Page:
4 MODEL WITH SPIN; CHARGE AND SPIN EXCITATIONS 59 d 2 RF 1 (r 1 R) F 1 (r 2 R)]( 2 X+ 2 Y )F 1 (r 1 R) F 1 (r 2 R)] = 4πF 1 (r 1 r 2 ) (2.128) The terms F 1 (r 1 r 1 ) are finite (not logarithmically divergent) because the correlation function F 1 is regular at a short distance. With our original regularization scheme (2.64) this term would be zero. The term F 1 (r 1 r 2 ) is logarithmically divergent when the distance between r 1 and r 2 becomes large. The correlation function is thus R(r 1 r 2 )=e a2 KF 1(r 1 r 2) 1+ g2 K 2 a 2 ] F 1 (r 1 r 2 ) 4π 3 u 2 α 4 d 2 rr 2 e 4F1(r) r>α (2.129) where d 2 r = dx dy =2πr dr. One recognizes an expansion of an exponential form similar to (2.118) but with an effective exponent K eff K eff = K y2 K 2 2 α dr α ( r α ) 3 4K (2.130) where I have used y = g/(πu). The exponent of the correlation function is precisely what controls the asymptotic (low-energy) properties of the system. This exponent should remain unaffected by the cutoff. If we vary the cutoff from α to α = α + dα in the limit of the integral one has K eff = K y2 K 2 dα 2 α y2 K 2 dr ( r ) 3 4K (2.131) 2 α α α To keep K eff unchanged one should change the parameter K such that K(α )=K(α) y2 (α)k 2 (α) dα 2 α (2.132) Similarly, to get back (2.130) but with α one should rescale the integral and thus define ( ) α y 2 (α )=y 2 4 4K(α) (α) (2.133) α The forms of (2.132) and (2.133) suggest to parametrize α = α 0 e l where α 0 is the original cutoff. Changing α is thus equivalent to change l into l +. Using this parametrization in (2.132) and (2.133) and making an infinitesimal change gives the renormalization equations dk(l) = y2 (l)k 2 (l) 2 dy(l) =(2 2K(l))y(l) Note that these equations are only perturbative in y but are exact in K. (2.134)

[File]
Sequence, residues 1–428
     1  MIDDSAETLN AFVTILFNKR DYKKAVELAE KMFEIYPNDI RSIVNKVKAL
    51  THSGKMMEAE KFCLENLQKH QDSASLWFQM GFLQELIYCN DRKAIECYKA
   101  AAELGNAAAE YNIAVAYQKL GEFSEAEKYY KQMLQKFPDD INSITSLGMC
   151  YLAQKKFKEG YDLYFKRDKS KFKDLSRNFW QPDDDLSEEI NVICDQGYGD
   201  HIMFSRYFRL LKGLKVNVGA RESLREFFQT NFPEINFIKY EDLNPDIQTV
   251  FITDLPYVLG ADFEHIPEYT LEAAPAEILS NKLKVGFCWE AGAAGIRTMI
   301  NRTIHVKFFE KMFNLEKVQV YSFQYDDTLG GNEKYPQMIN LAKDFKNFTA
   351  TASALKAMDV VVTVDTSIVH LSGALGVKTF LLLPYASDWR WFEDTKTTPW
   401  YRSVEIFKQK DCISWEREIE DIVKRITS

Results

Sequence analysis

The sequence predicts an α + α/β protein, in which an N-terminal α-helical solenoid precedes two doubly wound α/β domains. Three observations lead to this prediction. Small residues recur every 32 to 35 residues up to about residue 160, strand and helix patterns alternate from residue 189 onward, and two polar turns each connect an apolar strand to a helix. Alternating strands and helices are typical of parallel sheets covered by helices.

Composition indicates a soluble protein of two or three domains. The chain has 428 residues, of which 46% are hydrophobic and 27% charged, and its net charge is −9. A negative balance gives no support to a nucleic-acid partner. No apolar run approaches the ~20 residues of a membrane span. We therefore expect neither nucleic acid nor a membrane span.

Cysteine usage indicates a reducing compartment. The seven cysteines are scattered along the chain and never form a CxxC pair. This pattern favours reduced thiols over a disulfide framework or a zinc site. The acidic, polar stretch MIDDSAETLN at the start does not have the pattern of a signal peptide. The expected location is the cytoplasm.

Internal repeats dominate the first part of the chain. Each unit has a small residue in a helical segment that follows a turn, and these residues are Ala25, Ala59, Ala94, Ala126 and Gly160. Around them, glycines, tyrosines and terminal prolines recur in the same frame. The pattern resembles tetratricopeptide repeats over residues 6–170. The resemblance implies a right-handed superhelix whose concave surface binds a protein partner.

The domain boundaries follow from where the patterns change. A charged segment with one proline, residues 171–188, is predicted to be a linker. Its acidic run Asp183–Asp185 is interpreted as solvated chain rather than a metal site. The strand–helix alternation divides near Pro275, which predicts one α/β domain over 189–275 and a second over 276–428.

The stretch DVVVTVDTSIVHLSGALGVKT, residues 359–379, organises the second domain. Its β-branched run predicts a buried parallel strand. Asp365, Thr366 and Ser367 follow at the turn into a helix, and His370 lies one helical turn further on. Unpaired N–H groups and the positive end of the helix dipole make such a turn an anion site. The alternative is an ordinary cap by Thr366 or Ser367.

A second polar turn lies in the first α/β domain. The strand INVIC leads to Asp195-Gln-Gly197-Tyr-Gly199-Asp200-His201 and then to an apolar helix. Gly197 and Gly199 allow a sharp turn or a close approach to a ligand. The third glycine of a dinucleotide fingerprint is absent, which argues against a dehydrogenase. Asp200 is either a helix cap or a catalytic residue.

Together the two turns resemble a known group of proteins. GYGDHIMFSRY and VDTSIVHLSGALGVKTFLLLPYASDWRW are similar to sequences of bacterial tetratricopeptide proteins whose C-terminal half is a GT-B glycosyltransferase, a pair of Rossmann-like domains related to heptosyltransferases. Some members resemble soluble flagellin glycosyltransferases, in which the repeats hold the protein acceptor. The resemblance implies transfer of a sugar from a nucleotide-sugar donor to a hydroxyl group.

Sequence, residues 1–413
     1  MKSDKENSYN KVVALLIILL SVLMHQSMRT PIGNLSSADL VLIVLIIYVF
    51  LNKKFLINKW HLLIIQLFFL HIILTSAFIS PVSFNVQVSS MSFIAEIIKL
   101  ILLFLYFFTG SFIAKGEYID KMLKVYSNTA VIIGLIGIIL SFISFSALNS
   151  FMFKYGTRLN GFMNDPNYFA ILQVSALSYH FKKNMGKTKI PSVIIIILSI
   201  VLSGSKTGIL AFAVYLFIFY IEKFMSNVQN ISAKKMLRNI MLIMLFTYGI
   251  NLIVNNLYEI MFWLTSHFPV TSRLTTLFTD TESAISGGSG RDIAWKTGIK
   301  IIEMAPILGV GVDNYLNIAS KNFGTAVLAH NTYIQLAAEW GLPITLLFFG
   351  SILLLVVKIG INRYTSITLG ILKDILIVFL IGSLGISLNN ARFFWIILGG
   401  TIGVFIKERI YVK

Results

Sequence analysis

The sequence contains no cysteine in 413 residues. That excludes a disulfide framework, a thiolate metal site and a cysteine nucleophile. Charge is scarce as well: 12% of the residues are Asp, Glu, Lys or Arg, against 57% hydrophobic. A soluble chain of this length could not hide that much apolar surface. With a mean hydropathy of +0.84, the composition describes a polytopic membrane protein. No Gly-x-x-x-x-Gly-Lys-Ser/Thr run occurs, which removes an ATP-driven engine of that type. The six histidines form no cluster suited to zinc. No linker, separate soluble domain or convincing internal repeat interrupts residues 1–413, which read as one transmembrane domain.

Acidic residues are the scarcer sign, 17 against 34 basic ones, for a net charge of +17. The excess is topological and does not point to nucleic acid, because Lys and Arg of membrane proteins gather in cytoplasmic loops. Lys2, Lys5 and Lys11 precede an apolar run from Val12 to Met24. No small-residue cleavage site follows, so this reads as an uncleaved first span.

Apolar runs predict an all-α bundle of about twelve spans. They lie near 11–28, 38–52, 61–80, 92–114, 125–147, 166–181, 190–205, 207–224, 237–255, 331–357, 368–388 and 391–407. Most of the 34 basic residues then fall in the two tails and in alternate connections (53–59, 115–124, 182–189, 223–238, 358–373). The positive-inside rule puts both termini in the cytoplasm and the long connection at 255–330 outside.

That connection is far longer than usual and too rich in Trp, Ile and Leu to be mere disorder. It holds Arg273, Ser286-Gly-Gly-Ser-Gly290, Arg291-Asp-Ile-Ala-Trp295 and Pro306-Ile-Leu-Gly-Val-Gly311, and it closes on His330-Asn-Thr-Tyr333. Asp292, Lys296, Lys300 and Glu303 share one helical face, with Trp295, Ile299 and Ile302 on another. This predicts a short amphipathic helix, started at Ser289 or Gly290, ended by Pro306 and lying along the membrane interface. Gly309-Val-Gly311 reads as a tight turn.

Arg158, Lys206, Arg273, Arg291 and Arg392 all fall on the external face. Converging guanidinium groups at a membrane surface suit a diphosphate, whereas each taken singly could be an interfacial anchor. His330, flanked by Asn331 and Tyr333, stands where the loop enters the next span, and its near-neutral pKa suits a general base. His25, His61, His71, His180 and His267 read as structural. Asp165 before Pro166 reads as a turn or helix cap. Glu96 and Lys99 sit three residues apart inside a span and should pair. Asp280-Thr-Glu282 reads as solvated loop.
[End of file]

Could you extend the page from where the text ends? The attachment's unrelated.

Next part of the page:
5 60 BOSONIZATION Before we analyze these equations let us understand them on a physical basis. The equation for y is simply the scaling dimension of the operator that appears in the action y dx dτ cos( 8φ σ ) (2.135) Since the correlation behaves as cos( 8φ σ (r)) cos( ( α ) 4K 8φ σ (0)) = (2.136) r we can say that the operator behaves as cos( 8φ σ ) L 2K (2.137) Thus, the operator in the action behaves as y dx dτ cos( 8φ σ ) yl 2 2K (2.138) which gives back the equation for y. One can understand the equation for K by noting that K controls the fluctuations of φ σ through the term u K ( φ σ) 2 (2.139) in the Hamiltonian. Since the cosine term wants to order the field φ σ its effect at a purely quadratic level would be to decrease K to make the fluctuations of φ σ more difficult in (2.139). A similar physical picture is given by the Wilson renormalization of Appendix E.1. The flow (2.134) is shown in Fig For an infinitesimal y, one sees from (2.134) that for K<1yis relevant (y grows upon a change of scale), whereas for K>1y is irrelevant (y decreases upon a change of scale). One thus expects a phase transition at K = 1. To further analyze the flow around this transition let us expand K ρ =1+y /2. Note that this corresponds to the original y 1 and y 1 from (2.105). With these variables the flow becomes dy (l) = y 2 (l) dy(l) = y (l)y(l) (2.140) These equations that correspond to an expansion up to second order in the interactions are identical to the ones derived in the fermion language (1.58). They are also identical to the ones derived for the XY problem (Kosterlitz, 1974), as we will discuss more in Section 3.1. From (2.140) we see that y dy dy = y and thus A 2 = y 2 y2 (2.141) is a constant of motion. The trajectories are thus hyperbolas. A real corresponds to the regions (a) and (c) in Fig A imaginary (A 2 < 0) is region (b). The